A Decade in Review: The 2010s

Over the next two weeks, we’ll close out this year and decade with a look back at how the 2010s played out weather-wise in North Carolina.

From statewide snowstorms to memorable hurricanes to drought progression and its impacts, we will highlight the big events and weather storylines that wove through our year-to-year weather and climate.

Each weekday between December 9 and 20, we will highlight a different year in this post and on our Twitter account, @NCSCO. Give us a follow and join us as we journey through the decade!

YearAverage Mean Temp.Dep. from Normal (1981 to 2010)Ranking (based on data since 1895)Avg. Precip.Dep. from Normal (1981 to 2010)Ranking (based on data since 1895)
201059.0°F+0.0°F45th warmest46.27 in.-2.42 in.37th driest
201160.4°F+1.4°F10th warmest45.99 in.-2.70 in.34th driest
201260.7°F+1.4°F5th warmest46.62 in.-2.07 in.38th driest
201358.6°F-0.4°F54th coolest56.45 in.+7.76 in.16th wettest
201458.4°F-0.6°F43rd coolest50.08 in.+1.39 in.54th wettest
201560.5°F+1.5°F7th warmest58.32 in.+9.63 in.9th wettest
201660.8°F+1.8°F3rd warmest50.61 in.+1.92 in.48th wettest
201761.0°F+2.0°F2nd warmest47.96 in.-0.73 in.52nd driest
201860.4°F+1.4°F10th warmest68.36 in.+19.67 in.1st wettest
(Jan. to Nov.)
62.6°F+2.5°F2nd warmest46.29 in.+0.64 in.53rd wettest
Yearly Statewide Rankings (from NCEI’s Climate at a Glance)

2010: Dreaming of a White Christmas… and a Record Hot Summer

Extreme enthusiasts found a lot to love in 2010. We began the decade with a chilly winter that included statewide snow events in January, February, and March. However, the weather quickly warmed up after that.

Our 17th-warmest spring was followed by the state’s warmest summer on record. Temperatures hit the hundreds during a pair of heat waves in July, and parts of the Piedmont endured nearly 90 days that year with temperatures above 90°F.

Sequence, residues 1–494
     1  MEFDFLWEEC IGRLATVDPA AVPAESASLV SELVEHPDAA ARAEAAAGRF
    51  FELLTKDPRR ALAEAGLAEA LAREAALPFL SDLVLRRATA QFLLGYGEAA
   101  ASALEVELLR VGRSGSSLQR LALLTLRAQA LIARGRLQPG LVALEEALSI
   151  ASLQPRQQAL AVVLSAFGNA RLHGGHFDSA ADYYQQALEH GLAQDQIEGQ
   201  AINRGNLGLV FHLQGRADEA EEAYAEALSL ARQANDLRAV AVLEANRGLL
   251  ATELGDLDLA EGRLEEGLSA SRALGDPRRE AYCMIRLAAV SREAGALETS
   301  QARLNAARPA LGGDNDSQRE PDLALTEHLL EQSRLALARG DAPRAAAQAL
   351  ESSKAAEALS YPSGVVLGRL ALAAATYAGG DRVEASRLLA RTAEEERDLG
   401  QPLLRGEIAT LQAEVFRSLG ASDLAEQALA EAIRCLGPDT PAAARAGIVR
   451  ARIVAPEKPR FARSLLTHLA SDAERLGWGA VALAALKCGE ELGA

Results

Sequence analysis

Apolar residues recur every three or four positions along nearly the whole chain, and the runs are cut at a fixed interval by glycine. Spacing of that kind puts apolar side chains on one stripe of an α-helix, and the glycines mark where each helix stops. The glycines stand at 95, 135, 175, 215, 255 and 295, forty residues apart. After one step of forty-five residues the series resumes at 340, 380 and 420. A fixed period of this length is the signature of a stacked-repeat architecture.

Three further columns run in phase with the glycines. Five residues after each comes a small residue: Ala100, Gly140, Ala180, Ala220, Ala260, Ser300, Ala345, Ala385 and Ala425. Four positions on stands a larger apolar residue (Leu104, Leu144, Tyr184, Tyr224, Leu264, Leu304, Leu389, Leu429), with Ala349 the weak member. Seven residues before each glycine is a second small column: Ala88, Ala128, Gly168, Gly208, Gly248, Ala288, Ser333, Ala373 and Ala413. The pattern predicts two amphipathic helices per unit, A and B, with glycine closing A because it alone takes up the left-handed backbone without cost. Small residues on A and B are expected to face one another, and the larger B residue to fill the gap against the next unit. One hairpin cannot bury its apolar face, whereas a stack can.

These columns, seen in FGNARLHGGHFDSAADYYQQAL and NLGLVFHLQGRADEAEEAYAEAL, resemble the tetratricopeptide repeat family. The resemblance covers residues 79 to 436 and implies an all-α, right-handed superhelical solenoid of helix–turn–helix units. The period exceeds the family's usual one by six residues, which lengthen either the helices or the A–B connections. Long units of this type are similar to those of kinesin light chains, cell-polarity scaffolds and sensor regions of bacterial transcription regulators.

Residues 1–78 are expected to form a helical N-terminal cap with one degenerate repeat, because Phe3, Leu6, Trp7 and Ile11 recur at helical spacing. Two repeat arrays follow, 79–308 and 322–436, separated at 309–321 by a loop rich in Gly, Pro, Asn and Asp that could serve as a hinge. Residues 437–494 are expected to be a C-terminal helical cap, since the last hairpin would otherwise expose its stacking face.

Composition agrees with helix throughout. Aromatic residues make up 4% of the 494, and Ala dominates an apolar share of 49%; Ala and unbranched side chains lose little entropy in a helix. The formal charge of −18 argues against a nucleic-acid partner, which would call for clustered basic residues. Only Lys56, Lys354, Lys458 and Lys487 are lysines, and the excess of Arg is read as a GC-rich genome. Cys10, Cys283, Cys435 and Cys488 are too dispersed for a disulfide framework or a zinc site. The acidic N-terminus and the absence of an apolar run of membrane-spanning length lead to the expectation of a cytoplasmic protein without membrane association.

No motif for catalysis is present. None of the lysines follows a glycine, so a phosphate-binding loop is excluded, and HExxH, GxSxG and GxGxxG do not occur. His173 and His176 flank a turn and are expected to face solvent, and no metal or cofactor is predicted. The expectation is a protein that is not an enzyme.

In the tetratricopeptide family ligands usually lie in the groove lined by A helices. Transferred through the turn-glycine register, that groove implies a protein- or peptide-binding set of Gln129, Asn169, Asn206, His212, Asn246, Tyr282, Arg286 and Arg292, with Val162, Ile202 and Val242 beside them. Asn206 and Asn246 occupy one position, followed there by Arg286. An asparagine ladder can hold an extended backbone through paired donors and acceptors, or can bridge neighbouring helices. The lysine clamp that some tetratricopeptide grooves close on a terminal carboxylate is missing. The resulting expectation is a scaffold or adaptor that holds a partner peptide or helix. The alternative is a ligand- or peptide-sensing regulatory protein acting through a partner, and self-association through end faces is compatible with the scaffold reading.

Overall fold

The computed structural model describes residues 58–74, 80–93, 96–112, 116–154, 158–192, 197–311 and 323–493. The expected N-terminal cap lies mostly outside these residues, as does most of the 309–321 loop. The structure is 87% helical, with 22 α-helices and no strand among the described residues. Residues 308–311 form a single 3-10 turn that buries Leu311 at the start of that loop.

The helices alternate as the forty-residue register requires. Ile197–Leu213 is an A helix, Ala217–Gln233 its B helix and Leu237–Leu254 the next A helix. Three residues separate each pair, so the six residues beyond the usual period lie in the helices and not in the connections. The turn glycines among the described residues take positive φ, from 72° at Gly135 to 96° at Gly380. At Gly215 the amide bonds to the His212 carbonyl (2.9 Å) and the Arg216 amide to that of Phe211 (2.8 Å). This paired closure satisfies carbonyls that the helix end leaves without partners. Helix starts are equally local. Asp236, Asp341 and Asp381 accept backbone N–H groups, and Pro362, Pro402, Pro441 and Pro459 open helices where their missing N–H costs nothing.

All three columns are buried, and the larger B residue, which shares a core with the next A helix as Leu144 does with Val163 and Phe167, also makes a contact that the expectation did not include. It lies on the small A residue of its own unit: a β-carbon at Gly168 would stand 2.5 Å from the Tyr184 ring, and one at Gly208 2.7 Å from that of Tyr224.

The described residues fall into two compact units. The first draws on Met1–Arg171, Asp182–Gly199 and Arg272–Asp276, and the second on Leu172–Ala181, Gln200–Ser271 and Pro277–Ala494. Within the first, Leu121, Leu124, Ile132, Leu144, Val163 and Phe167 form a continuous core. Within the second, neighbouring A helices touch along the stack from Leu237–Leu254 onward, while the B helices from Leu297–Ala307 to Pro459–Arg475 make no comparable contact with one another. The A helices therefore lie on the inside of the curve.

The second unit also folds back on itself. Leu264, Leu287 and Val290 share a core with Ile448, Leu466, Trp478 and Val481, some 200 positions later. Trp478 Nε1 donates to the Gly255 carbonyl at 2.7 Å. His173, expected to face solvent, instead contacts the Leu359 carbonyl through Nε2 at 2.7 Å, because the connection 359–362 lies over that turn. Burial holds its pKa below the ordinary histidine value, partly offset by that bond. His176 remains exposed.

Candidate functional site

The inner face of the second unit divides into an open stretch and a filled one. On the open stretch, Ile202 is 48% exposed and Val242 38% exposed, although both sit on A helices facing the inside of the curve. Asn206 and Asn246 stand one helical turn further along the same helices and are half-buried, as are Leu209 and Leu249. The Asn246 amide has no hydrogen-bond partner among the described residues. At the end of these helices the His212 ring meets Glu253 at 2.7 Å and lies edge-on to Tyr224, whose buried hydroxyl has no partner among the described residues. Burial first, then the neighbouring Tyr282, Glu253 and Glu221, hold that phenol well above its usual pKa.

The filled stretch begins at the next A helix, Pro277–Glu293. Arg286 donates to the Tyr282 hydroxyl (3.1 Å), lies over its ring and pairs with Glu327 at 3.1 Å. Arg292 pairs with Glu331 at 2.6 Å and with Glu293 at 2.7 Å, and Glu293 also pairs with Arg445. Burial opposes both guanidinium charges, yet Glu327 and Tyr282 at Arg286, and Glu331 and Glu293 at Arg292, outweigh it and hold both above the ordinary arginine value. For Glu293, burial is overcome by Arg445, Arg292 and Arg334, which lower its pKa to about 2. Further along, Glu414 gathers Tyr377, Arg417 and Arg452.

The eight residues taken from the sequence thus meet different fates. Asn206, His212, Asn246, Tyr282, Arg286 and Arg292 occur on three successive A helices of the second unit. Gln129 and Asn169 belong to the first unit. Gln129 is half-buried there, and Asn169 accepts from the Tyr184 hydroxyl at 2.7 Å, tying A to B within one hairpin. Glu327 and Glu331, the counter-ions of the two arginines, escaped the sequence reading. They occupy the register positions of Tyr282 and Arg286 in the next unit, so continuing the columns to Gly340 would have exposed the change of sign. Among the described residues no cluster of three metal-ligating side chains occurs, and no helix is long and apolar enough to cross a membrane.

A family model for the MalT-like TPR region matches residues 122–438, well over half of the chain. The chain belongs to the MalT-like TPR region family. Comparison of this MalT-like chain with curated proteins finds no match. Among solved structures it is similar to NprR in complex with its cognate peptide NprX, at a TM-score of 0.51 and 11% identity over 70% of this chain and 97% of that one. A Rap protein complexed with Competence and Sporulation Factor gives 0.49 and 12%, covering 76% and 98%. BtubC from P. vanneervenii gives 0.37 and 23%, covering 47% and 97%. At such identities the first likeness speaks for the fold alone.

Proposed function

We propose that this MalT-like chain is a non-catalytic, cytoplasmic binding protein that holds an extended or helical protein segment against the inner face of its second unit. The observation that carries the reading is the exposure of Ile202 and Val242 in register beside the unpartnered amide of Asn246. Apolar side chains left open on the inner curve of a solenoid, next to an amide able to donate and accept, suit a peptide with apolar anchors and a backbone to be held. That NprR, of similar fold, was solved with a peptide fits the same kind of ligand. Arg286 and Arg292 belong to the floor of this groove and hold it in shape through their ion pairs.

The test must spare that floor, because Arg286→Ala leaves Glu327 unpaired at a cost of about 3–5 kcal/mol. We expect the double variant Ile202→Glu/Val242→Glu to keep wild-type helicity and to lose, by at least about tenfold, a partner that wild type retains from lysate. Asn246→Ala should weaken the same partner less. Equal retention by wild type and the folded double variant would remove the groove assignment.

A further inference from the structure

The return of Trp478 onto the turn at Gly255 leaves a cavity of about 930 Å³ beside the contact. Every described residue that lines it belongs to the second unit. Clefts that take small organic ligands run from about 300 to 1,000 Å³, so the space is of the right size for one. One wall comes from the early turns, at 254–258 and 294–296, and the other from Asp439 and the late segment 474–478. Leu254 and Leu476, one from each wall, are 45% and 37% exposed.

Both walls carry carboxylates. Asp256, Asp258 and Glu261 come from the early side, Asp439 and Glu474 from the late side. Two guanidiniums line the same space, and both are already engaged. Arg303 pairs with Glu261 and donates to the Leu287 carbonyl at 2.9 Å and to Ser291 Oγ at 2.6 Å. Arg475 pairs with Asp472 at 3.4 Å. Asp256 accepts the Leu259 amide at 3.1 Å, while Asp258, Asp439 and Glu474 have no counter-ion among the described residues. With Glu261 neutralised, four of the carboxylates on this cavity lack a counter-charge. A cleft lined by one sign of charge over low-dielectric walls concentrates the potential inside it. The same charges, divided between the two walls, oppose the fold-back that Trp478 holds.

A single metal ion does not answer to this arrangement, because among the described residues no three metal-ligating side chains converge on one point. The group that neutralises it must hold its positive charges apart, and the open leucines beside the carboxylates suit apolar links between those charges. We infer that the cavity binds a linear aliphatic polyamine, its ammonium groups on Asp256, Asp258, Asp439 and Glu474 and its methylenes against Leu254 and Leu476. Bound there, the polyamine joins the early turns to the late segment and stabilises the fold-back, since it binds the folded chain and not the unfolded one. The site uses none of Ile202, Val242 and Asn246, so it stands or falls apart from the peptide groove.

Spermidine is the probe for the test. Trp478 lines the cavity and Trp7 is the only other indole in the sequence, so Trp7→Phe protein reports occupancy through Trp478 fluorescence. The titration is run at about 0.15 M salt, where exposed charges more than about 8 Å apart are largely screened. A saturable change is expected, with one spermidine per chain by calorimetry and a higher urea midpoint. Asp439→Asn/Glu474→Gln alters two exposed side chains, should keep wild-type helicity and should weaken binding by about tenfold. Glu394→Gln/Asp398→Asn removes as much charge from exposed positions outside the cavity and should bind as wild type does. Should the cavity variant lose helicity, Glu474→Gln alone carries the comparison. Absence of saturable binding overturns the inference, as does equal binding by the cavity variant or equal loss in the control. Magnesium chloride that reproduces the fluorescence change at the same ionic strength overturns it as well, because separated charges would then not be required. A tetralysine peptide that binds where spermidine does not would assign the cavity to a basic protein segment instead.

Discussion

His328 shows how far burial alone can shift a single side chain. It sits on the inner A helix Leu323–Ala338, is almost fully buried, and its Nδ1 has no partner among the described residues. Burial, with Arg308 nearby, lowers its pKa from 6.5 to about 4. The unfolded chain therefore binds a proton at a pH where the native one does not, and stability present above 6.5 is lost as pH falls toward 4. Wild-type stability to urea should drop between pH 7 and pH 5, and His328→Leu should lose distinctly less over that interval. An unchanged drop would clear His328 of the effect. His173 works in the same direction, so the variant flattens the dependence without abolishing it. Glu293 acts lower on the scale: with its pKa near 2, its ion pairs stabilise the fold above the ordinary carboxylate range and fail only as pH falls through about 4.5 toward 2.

In June, the NC State University COOP site in Raleigh recorded 20 consecutive days with temperatures of 90°F or higher. This made for the third-longest streak in its 128-year-long record. Even the slightly cooler Mountains felt the heat — the COOP site southeast of Boone set a station record (dating back to 1980) with 8 consecutive days above 85°F in July 2010.

By the following winter, though, we were back on the cool side, and December ended with a rare and memorable White Christmas — the first for most areas since the 1980s. Rocky Mount and Tarboro received a foot of snow, while six inches fell in Kinston and Greenville on Christmas Day. Wilmington and the Outer Banks even picked up a dusting from the storm.

2011: Extreme Events, from Tornadoes to Fires to a Hurricane

Nearly every imaginable environmental hazard hit North Carolina in 2011, beginning with a particularly brutal winter — our 7th-coldest dating back to 1895 — that included a mid-January snow and ice storm.

Spring was notable for the April 16 tornado outbreak in which a state-record 30 tornadoes touched down between the western Piedmont and the Outer Banks. Among them were long-lived EF3-strength tornadoes that tore through Sanford, Raleigh, and Fayetteville. The event was responsible for 24 fatalities and 304 injuries.

By the early summer, Extreme Drought at the coast led to the development of two large wildfires on the Alligator River refuge and Holly Shelter Game Land, each of which burned tens of thousands of acres and sent smoke across parts of the state.

In late August, those fire-affected areas were doused by Hurricane Irene, which made landfall near Cape Lookout as a Category-1. Flooding and high winds from the storm destroyed more than 1,100 homes, and the storm surge breached parts of the Outer Banks.

The fall remained wet across the western Piedmont and at the Outer Banks. Greensboro had its 3rd-wettest fall on record in 2011, while at Cape Hatteras, it was the 4th-wettest fall with 27.23 inches of rain.

2012: Drought Persists Among Record Spring Warmth

As a contrast to the active year preceding it, 2012 was relatively calm across the state, although it still brought some of our typical weather and climate challenges, especially for agriculture.

A warm, dry winter helped drought redevelop at the coast. For farmers, planting began amid the state’s warmest spring on record that included our 2nd-warmest March since 1895. That March included 21 days with highs at or above 70°F in Raleigh and Greenville — the most of any March at both sites — and 8 days reaching at least 80°F.